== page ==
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members than they have in their whole number. But his head, his heart, the substance of his body, are essential. Lop off his arm, and his recovery may be dubious-death may ensue. But cut off his head, cleave his heart, divide his body, and the blow is fatal—there is an end of the
Thus also in the system of revelation. All, the very least, of its truths belong to its perfection. Not one of them may voluntarily be renounced; nor any contrary errour be knowingly embraced. Because, he who does either, resists the obligation to receive and obey the truth.” Just as he who “ keeps the whole law, and yet offends in one point, is guilty of all.”* The entire authority of the lawgiver is in every precept. Sin, therefore, which is “transgression of the law,”. whatever precept it may happen to infringe, strikes at the principle of obedience; and is ready, as occasion shall offer, to assume any and every form of transgression—to violate all the precepts of the law in succession, when impelled by adequate inducement. For he-to continue the Apostle's reasoning—he who “kills," though he may “not commit adultery,” abstains
* JAMES, i. 10
from the latter crime through the influence of other considerations than the sacredness of the law, or the majesty of the lawgiver; otherwise he would have refrained from “killing;” seeing that “he who said, Do not commit adultery, said also, Do not kill.” Consequently, he who breaks one commandment while he keeps another, when both are enjoined by the same authority, shows that he is prepared, on the occurrence of a suitable temptation, to break the other also. And whoever disbelieves this of himself, “deceiveth his own heart;" for sin is universal opposition to all of God in all of his law : and, therefore, according to the inspired ethics, the transgression of one precept is accounted simply “ a transgression of the law;" being an act of rebellion against its whole obligation as operating in that precept. It is upon this ground, that living in the commission of any known sin, however small it may appear, proves men to be destitute of the grace of our Lord Jesus Christ. Because they are under the power of the principle of sin, which is “enmity against God;" and have not been “reconciled to God by the death of his Son.” So that to venture upon sin, knowing it to be sin, is a desperate experiment in any one who does not intend to lose his soul."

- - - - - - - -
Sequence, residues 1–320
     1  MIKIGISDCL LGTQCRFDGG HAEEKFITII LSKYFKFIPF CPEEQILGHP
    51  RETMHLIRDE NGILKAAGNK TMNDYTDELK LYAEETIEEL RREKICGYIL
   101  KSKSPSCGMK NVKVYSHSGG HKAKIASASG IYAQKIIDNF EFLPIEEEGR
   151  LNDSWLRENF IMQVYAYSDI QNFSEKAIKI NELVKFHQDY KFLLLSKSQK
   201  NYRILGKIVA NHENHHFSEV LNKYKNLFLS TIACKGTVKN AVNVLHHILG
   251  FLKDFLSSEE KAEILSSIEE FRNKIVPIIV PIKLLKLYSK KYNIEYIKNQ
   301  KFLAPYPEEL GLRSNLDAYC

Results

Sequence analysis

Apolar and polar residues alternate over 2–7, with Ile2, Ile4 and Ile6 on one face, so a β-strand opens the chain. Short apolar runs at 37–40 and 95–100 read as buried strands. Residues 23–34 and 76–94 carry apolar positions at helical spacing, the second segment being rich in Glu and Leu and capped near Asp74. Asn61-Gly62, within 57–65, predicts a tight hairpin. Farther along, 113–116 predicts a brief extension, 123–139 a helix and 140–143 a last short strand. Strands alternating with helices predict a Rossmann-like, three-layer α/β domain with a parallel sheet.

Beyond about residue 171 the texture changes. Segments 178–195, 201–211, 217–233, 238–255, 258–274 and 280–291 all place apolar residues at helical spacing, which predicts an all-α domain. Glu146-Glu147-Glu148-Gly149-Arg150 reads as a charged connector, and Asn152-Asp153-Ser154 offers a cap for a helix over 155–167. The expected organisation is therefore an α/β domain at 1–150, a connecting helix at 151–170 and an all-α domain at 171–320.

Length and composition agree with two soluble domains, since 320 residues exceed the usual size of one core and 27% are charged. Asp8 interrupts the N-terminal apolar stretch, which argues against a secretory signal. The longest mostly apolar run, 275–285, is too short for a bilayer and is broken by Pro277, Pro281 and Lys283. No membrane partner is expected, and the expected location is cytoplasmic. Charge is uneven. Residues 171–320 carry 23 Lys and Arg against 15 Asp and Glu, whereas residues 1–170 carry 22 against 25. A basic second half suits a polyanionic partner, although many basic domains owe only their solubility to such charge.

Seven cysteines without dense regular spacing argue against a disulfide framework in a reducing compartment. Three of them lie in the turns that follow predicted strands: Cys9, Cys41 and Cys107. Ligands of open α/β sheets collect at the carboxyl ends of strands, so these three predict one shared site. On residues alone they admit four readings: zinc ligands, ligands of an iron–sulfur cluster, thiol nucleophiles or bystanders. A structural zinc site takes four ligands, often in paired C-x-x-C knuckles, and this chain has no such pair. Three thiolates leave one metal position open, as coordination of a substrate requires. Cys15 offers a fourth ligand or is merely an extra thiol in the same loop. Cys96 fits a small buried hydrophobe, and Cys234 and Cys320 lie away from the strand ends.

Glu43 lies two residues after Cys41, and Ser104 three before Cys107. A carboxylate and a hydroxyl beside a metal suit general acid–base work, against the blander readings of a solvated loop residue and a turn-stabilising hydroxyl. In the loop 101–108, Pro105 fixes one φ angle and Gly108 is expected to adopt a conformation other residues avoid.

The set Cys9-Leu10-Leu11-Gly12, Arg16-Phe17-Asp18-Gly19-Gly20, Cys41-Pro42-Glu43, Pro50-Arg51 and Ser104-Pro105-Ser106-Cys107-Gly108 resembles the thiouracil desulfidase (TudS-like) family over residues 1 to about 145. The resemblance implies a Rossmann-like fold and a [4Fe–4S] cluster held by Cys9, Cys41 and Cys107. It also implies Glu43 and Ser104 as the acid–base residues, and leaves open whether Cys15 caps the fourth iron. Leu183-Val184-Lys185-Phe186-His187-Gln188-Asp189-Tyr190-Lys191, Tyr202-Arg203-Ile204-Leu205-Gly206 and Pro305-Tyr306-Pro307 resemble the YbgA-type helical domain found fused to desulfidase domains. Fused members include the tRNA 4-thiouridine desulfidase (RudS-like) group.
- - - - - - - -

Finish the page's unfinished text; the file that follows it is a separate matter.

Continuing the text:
In like manner, resistance to God's truth, to any of his truths when perceived to be truth, argues the predominance of the spirit of falsehood_a spirit which, as opportunity should serve, would not hesitate to relinquish every truth of his most holy word. Hence no Christian can surrender the least tittle of that truth which he believes to be the testimony of his God; nor do any act which implies such a surrender. Thousands of the“ martyrs of Jesus,” might have saved themselves from the wild beast or the stake, would they only have thrown a handful of incense on a Heathen altar. But they were aware of the construction which their persecutors would put upon this deed ; and, rather than do it, “loved not their lives unto the death.” No motives, then, of conscience, peace, charity, good to be effected, or of what kind soever, can justify, much less require, under any possible circumstances, the sacrifice of a known truth. Such a sacrifice might end in eternal ruin. On the other hand, mistakes concerning particular truths, may consist with the general power of truth over the heart. Nay, it is nothing uncommon for men's notions to be at war with their principles-Their speculative judgment with their practical habits. Many times a sound head is joined to a rotten heart; and a sound heart to a rotten head. Some